- About Us
- Teacher Center
- Student Center
Students will be able to demonstrate rain drop splash (splash erosion) and determine its impact on bare soil, ultimately being able to visually identify types of erosion.
erosion: process of the gradual destruction or diminution of something; eroding or being eroded by wind, water, or other natural agents
furrows: small ditches, usually 2-6 inches deep, between the rows of plants used to convey water
mulch: a covering placed on bare soil to keep it from eroding; loose leaves, straw, bark chips, etc
row crops: plants grown in a row to facilitate harvesting and watering
Erosion is a naturally occurring process. Erosion has given us some of our most beautiful landscapes. There are beautiful erosion formations such as the Grand Canyon and Bryce Canyon, Utah. Erosion is the loosening, transportation, and relocation of soil particles from one place to another. Erosion occurs primarily due to the action of wind and water. The rate and extent of erosion are determined by soil type and condition, slope of the land, plant cover, land use, and climate. Erosion does not occur only on wilderness landscapes, and the effects are not always positive, especially when you are talking about productive topsoil. Landslides, can bury towns and claim thousands of lives. Streams or rivers loaded with eroded soil can turn sources of clean drinking water into major health hazards.
Water erosion includes raindrop splash, sheet erosion, rill erosion, gully erosion, and slumping or mass erosion. Raindrop splash is the most obvious on bare ground during a torrential rainstorm. The raindrops strike the ground and upon impact break soil particles apart, splashing these particles into the air. The impact of raindrops can be lessened by plant cover. Plants break the fall of the raindrops and allow for water infiltration or percolation.
Sheet erosion is the washing away of a thin surface layer of soil over a large area of land. Because sheet erosion occurs evenly, it is generally not obvious until most of the topsoil is removed.
Rill erosion may be noticeable on sloping bare ground after a rainstorm. Water forms small, well-defined channels that carry soil away from the sides and bottom of these channels. The rills of channels erode more soil as they move downslope and increase in size. When rills become large, the process is called gully erosion. This severe form of soil erosion removes tons of soil from the sidewalls and bottom of the gully.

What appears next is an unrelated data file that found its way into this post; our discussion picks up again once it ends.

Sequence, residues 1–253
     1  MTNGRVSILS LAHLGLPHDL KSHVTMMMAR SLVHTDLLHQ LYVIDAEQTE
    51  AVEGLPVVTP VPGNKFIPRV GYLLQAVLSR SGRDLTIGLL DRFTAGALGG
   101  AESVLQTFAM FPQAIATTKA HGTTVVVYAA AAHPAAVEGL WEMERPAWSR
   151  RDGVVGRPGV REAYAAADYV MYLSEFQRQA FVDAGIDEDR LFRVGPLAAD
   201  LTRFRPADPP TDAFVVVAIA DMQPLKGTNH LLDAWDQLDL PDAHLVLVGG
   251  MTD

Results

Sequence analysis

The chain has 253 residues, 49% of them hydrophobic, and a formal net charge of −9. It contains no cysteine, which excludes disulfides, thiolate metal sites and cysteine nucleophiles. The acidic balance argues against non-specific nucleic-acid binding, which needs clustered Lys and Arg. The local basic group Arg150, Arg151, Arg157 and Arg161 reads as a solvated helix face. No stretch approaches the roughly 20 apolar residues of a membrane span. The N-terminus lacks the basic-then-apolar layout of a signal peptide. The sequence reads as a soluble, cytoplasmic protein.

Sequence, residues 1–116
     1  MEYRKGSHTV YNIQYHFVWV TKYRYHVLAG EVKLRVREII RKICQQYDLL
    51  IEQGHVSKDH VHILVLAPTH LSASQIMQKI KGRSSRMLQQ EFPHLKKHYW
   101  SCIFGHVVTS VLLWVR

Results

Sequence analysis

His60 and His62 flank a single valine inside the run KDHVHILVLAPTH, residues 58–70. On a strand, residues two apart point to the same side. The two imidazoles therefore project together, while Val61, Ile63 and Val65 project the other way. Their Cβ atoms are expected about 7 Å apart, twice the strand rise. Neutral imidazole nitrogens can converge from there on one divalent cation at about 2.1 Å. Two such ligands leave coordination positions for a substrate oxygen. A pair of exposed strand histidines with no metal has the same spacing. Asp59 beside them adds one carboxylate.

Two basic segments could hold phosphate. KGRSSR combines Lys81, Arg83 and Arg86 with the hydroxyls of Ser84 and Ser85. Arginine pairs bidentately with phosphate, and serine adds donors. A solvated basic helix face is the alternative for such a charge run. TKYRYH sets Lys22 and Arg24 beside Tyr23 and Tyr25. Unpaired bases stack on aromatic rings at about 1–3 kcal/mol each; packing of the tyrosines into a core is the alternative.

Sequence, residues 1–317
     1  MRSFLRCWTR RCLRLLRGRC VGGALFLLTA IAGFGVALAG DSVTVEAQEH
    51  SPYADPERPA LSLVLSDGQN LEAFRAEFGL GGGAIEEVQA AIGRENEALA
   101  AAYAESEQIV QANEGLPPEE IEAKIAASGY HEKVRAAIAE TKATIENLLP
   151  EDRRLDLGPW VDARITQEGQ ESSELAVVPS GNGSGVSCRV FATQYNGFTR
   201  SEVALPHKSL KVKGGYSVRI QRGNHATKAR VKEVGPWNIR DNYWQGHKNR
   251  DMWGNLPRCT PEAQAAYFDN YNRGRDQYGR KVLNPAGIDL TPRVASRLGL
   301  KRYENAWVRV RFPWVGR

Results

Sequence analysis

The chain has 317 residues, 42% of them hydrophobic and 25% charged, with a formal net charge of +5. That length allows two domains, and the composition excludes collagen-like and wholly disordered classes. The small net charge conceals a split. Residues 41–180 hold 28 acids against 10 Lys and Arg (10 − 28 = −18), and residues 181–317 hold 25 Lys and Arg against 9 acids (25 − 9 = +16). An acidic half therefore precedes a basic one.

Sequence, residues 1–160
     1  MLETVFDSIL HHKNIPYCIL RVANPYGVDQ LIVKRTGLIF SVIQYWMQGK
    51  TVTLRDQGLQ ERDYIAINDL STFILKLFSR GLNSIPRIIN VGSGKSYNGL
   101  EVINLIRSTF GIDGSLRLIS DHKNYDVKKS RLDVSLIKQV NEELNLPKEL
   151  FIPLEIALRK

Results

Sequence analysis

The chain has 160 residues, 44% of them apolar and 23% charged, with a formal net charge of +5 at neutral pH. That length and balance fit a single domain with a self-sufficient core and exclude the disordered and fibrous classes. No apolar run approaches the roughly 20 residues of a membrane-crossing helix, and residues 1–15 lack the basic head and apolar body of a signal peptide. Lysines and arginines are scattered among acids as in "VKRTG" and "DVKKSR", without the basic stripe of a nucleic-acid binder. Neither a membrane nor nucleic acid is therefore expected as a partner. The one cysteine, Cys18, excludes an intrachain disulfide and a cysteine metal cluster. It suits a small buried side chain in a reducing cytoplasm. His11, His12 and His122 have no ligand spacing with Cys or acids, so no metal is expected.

Streambank erosion (and similarly, coastal erosion) is the cutting away of the banks by water. It is generally a slow process which represents the normal situation occurring along most streams. It is most active during floods when the amount and velocity of water are the greatest and when the bank soils are submerged under water and saturated.
To control erosion, plant cover is usually the best solution. But to grow our food farmers make furrows in the land for row crops. A farmer can use a variety of methods to “keep soil in its place.” A farmer may plant his or her crops around the curve of a hill rather than up and down the hill, this is called contour planting. Plowing will also be done on the contour. Farmers may also build terraces. Terraces are wide ridges that go around a hill to prevent water from rushing down the hill too fast. On steep hillsides, rather than clear the area for cropland, farmers will maintain the area in forest and grass. Water always runs downhill, so farmers do not plow in low areas where water collects; instead they maintain low ditch areas as grassed waterways. Soils susceptible to wind erosion should be kept covered with some kind of vegetation. If this cannot be done year-round, a windbreak of trees and shrubs may be planted. Windbreaks are rows of trees planted to slow down the wind and prevent soils from blowing away in the wind.
Activity 1: Splash Zone
Activity 2: Soils on the Move
Activity 3: Methods for Controlling Soil Erosion
Answers: 1) streambank erosion, 2) gully erosion, 3) wind erosion, 4) rill erosion, 5) sheet erosion.
Concept Elaboration and Evaluation
After conducting these activities, review and summarize the following key concepts:
We welcome your feedback! Please take a minute to tell us how to make this lesson better or to give us a few gold stars!
Connect this lesson to Utah Studies by showing students the 14-minute video Dust Bowl: Grantsville Utah. This short documentary includes interviews from Utah residents who experienced the Grantsville Dust Bowl in the 1930s. Yes, Utah did experience its own dust bowl, but the cause was overgrazing rather than the turn of the plow.
Utah Agriculture in the Classroom
Utah Agriculture in the Classroom